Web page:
How do you go about gathering information for your EOS entries? There are so many legends, showdowns/rivalries, design breakthrough, and epic stories to document–it must be a bit overwhelming!!
EOS will never be complete, and will never be finished. It’s a permanent work in progress. I knew that from the minute I started the book version, and 15 years later this remains the greatest comfort. I’m actually not overwhelmed. I do have a responsibility to surf history, but at some level what I do, what any historian or archivist does, is arbitrary. Especially with the website, where I need photos and video. There are entries in the book that aren’t on the website because I don’t have photos. There are huge holes on EOS. All I can do is post pages when they’re ready. And meanwhile fix all the typos, and update John John Florence’s page every month, and clown around endlessly on social media to try and get people to my site.
Surfers can have some pretty inflated egos…how do you deal with rejection and or avoidance while contacting sources for information? Has anyone called you out for something you’ve written about them? Also, have you ever had anyone call you out for not including them and their exploits/contributions in the EOS?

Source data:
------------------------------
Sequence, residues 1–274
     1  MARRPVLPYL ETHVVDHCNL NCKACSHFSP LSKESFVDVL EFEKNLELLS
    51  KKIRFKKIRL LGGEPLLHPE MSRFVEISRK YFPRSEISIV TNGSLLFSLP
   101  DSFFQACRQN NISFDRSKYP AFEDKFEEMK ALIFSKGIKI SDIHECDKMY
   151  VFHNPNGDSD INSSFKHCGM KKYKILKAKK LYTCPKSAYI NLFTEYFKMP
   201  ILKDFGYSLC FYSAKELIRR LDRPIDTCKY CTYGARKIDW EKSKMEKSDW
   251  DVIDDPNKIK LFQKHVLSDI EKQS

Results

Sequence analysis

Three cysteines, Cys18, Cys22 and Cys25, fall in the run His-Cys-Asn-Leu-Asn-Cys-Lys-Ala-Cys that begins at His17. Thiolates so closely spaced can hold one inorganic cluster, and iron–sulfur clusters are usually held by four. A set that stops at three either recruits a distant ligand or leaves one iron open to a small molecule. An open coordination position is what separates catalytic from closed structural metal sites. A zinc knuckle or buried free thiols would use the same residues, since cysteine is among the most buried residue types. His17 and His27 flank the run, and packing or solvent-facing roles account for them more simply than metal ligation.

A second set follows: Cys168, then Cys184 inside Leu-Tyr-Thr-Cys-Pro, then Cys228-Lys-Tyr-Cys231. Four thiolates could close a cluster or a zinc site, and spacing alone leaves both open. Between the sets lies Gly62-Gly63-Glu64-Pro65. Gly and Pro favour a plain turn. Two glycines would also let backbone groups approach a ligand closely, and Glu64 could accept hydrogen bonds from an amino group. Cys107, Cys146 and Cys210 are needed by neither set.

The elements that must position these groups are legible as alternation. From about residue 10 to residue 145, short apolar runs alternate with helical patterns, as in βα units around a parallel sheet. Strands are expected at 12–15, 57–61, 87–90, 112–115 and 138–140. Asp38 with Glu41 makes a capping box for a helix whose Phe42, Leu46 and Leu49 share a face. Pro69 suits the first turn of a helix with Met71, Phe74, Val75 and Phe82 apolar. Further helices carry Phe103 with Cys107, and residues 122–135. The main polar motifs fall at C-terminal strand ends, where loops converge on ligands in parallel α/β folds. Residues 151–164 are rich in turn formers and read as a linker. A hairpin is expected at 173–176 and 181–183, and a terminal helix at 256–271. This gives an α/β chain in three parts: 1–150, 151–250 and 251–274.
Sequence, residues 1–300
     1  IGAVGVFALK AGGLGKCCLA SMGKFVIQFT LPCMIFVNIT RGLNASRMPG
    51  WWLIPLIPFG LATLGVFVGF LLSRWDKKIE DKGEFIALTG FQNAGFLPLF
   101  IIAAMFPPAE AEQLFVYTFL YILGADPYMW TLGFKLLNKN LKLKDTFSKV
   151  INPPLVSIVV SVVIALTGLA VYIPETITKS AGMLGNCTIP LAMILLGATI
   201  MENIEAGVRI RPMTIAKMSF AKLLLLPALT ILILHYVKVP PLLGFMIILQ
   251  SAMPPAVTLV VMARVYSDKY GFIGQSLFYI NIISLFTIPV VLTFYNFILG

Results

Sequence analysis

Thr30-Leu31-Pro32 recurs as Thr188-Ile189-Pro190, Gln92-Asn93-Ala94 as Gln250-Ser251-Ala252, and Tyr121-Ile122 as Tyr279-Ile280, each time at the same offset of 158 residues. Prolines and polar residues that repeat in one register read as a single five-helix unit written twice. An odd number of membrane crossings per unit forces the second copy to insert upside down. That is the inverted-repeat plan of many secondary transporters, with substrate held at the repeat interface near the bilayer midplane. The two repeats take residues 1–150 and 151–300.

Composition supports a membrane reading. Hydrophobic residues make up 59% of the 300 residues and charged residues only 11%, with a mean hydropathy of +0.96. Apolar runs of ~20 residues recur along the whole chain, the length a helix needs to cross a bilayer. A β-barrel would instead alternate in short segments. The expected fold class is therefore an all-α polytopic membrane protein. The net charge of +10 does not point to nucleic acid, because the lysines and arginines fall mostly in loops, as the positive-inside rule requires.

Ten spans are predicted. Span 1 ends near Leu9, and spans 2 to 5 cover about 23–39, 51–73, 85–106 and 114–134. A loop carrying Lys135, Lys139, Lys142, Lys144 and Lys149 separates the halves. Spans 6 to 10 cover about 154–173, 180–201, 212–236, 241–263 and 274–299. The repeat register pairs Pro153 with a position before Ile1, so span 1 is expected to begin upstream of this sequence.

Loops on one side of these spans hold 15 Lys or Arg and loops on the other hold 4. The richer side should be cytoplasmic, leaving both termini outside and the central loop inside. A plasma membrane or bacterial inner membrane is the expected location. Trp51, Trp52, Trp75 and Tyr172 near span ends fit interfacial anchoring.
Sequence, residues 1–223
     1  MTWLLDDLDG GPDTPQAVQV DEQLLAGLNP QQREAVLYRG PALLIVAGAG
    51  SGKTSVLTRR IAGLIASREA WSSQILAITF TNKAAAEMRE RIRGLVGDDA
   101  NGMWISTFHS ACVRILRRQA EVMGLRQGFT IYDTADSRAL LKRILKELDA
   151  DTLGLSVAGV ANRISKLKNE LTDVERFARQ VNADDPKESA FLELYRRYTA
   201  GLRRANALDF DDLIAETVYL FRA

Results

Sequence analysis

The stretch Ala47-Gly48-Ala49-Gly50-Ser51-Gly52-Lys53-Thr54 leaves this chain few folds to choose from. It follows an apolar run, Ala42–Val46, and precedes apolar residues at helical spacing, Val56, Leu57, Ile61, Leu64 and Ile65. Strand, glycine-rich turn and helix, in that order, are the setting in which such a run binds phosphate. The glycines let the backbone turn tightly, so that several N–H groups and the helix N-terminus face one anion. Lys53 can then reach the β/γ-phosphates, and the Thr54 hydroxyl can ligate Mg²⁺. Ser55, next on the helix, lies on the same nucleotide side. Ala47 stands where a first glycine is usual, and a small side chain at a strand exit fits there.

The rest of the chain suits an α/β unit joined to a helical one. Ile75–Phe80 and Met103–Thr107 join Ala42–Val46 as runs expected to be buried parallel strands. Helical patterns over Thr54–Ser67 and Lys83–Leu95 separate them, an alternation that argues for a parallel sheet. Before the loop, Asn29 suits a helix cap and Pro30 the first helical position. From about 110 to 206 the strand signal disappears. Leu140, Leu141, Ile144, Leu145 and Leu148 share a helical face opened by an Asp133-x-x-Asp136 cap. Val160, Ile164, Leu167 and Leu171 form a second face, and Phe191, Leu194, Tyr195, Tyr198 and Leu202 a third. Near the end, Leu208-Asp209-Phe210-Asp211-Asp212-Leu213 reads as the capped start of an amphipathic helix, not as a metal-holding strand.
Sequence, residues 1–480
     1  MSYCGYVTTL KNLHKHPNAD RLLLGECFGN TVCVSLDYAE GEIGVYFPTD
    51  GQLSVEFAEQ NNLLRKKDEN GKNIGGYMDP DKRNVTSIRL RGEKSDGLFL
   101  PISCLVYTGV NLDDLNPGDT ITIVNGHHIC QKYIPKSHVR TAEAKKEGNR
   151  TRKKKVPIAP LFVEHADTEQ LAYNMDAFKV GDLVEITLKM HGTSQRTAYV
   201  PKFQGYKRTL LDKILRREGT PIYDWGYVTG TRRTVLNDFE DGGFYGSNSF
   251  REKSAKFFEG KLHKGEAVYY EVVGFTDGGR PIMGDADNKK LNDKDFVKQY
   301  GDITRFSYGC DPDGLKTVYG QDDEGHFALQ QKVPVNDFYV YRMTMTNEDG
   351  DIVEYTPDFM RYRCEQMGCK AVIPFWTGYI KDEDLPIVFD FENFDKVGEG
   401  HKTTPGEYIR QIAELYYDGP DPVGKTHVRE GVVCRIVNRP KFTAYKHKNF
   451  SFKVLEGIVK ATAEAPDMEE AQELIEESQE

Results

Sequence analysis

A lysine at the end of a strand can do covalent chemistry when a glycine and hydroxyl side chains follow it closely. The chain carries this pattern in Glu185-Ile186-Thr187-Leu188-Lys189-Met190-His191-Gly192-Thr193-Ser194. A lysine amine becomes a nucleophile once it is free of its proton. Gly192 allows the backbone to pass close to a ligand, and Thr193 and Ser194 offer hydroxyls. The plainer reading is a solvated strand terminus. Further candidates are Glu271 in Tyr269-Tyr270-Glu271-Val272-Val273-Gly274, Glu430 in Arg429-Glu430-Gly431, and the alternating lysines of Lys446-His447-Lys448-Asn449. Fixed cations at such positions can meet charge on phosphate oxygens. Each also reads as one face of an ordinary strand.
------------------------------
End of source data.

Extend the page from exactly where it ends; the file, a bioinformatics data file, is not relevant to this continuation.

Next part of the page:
EOS is a 501c3 non-profit organization, and the entire “company” is me, working in my guest room for less money than I made as a surf shop clerk in 1983. When people call me out for whatever—it doesn’t happen that often, maybe once or twice a month—I throw my hands up and play the little man card. I can only do so much. I’ll get there when I can. Thanks for the patience. Which isn’t bullshit. But it’s also a way to deflect.
This must be a tough one to answer, but what has been the most enjoyable entry for you to include in the EOS thus far?
No single entry stands out. But what’s surprised me is much I enjoy flogging the site on Facebook and Twitter, and doing the EOS blog posts. I was late to social media, and was dragged there in chains, but once I signed on I really loved it. When I’m doing something for publication, a book or an article, I write the shit out of it, draft after draft after draft. Writing for the web has loosened me up. My writing is better for it. I’m learning from guys who are better at it than I am. I love my job because, even though I’ve been doing it for 30-something years, in one form or the other, I really seriously feel like I’m just now getting the hang of it.
Follow Matt on instagram- encyclopedia_of_surfing and be sure to check out www.encyclopdiaofsurfing.com